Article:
EUROPE HAS TO DO A BETTER JOB ON FIGHTING AGAINST TERRORISM

Terrorism remains an international problem that directly affects citizens everywhere, however Turkey has been unfairly bearing the brunt of responsibility and criticism and requires combined effort from other countries to help combat this issue.

London Bridge stabbing attack suspect Usman Khan was released last year after a terrorism conviction. He killed several people before being shot dead by officers responding to the attack in the center of the British capital.

European states estimate that as many as 6,000 of their citizens have traveled to Iraq and Syria to join ISIS. About a third were killed, while another third remains detained in the region or traveled elsewhere.

There are some 1,200 foreign ISIS/Daesh members being held in Turkish prisons, and nearly 300 were captured during Turkey’s current anti-terror operation in northern Syria.

According to Turkish judicial sources, over 70,000 people have been banned entry to Turkey and over 7,000 linked to terrorist groups or fugitives have been deported.

Europe has not taken severe enough measures to prevent their citizens from joining ISIS and has failed to share useful intel information about these foreign fighters. If an ISIS terrorist comes from London to Turkey and holds a British passport, what do you expect Turkey to do to prevent crossing of the Syrian border other than to send the terrorist back? Europe would rather simply be rid of radicalized people than directly deal with the issue. On top of this, many European countries have accused Turkey of allowing terrorists to enter Syria.

For instance, in the aftermath of the Daesh terror attack in Brussels in 2016, Turkey had alerted Belgian authorities of the threat, but they ignored the intel information. Belgium failed to heed the warning about Ibrahim El Bakraoui, one of the suicide bombers who was deported from Turkey not just once, but twice, in 2015.

European countries have failed to cooperate with Turkey regarding the foreign fighters. Now, many of them are preparing to revoke the citizenships of ISIS members who came from Europe and were later arrested, implying that Turkey should mind its own business.

Turkey began sending ISIS fighters back to Europe last week, however, some European countries are moving very slowly on this issue. Even President Donald Trump said that the European nations have been a “tremendous disappointment” for refusing to take back captured Islamic State fighters currently being held in Syria, and he added that U.S. taxpayers will not pay to look after other countries’ ISIS fighters.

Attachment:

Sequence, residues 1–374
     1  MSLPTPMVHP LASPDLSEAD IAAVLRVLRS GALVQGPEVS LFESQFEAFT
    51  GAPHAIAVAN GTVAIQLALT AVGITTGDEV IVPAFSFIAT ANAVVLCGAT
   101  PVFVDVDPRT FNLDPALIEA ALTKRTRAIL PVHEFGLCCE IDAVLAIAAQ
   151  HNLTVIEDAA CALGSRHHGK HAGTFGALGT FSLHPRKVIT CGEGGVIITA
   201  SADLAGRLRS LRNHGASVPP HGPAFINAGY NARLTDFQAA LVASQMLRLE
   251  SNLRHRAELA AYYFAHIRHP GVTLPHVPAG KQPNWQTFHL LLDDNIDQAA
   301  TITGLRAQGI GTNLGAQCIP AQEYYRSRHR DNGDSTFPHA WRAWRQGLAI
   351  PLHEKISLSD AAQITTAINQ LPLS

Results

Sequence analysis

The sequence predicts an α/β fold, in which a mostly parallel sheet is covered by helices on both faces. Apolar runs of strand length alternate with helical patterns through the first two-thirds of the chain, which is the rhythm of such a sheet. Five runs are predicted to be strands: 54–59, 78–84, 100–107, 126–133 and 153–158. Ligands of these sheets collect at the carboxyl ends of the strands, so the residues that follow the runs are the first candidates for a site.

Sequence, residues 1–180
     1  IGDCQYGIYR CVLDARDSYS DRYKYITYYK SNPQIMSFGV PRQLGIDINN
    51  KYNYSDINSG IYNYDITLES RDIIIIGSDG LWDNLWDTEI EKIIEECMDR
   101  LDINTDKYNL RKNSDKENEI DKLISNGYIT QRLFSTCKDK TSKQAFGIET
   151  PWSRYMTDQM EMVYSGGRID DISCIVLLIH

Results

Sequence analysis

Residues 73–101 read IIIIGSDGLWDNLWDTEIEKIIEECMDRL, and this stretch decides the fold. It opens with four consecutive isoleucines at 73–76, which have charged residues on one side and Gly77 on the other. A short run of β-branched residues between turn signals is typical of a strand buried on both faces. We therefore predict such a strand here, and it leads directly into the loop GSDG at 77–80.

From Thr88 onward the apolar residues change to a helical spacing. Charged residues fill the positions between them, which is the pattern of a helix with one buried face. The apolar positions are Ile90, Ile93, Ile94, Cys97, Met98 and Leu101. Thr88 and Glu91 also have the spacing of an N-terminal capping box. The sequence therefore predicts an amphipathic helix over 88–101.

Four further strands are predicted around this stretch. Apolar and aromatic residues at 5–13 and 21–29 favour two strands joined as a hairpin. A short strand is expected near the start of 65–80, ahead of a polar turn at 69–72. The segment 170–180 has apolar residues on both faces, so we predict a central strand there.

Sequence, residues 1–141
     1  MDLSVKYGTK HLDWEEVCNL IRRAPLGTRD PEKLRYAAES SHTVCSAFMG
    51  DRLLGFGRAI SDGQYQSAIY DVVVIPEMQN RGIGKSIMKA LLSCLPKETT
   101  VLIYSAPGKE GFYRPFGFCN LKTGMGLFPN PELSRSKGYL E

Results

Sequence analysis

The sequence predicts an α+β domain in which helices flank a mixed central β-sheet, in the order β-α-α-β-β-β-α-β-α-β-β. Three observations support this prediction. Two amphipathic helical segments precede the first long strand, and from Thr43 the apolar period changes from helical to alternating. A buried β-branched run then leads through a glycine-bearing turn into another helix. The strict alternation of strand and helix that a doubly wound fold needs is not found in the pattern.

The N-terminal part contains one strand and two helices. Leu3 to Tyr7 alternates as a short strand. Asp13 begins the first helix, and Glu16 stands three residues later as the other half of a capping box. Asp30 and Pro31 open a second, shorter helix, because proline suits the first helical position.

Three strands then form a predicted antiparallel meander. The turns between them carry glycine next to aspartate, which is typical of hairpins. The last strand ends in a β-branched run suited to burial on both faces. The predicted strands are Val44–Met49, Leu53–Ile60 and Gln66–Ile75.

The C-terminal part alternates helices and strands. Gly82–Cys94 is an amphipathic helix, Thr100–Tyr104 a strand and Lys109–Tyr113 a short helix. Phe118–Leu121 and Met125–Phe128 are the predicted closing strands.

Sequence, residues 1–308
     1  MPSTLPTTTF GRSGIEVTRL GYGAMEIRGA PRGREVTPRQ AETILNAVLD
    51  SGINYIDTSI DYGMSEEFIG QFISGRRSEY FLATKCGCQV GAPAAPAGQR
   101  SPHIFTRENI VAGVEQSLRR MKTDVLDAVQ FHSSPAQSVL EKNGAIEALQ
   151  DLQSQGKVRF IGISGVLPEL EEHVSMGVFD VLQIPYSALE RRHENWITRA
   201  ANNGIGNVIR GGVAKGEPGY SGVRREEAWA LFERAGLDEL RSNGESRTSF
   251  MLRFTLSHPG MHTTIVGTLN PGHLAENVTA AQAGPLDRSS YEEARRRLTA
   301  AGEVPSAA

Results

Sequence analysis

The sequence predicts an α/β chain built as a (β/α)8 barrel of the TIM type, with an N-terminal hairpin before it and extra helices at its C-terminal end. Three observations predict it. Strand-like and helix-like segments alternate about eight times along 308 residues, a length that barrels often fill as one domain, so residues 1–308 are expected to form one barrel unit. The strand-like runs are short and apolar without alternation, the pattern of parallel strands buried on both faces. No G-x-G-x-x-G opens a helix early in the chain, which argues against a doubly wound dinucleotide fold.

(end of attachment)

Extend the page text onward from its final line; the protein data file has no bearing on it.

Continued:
As NATO Secretary General Jens Stoltenberg stated, “In the fight against ISIL [Daesh], Turkey has made crucial contributions for physically destroying the so-called caliphate. Furthermore: No other ally is hosting so many Syrian refugees, 3.6 million in total. And no other NATO ally has suffered more terrorist attacks than Turkey.”

ISIS has attacked Turkey 14 times and killed over 300 people. So, the question is which country has suffered the most?

Turkish Armed Forces neutralized over 3,000 Daesh terrorists and enabled 320,000 Syrians to return to their homes with the Operation Euphrates Shield launched in August 2016. Turkey is an active member of the Global Coalition Against Daesh and co-chair of the Counter Daesh Coalition Working Group on Foreign Terrorist Fighters. The most recent meeting was held in Ankara on May 7, 2019.

Some European countries are part of the Global Coalition, but only on paper. Many of them have not fought against ISIS in Syria. Furthermore, many European countries have failed to embrace refugees and now create new problems by refusing to take back terrorists who came from their own soil.

This is not a productive way to counter terrorism and foster a stable global community. Today, international cooperation with Turkey is more crucial than ever. EU countries must take responsibility for their own citizens who should be charged with terrorism in their homelands if we want to get any closer to collective peace.

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Germany - The ethnic food market in Germany, which has an estimated value of approximately 6 billion Euro, engages not merely the attention of Turkish companies, but also those of the giant German producers.
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Senol Isikay, who has a university degree in geography, wrote his master's thesis on Turkish retailers.
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